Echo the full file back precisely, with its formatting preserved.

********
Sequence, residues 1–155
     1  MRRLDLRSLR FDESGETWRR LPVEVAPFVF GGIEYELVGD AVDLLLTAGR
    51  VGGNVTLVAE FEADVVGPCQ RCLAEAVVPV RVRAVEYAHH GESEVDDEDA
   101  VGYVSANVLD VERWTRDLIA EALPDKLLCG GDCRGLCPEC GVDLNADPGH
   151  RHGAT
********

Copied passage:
Sequence, residues 1–155
     1  MRRLDLRSLR FDESGETWRR LPVEVAPFVF GGIEYELVGD AVDLLLTAGR
    51  VGGNVTLVAE FEADVVGPCQ RCLAEAVVPV RVRAVEYAHH GESEVDDEDA
   101  VGYVSANVLD VERWTRDLIA EALPDKLLCG GDCRGLCPEC GVDLNADPGH
   151  RHGAT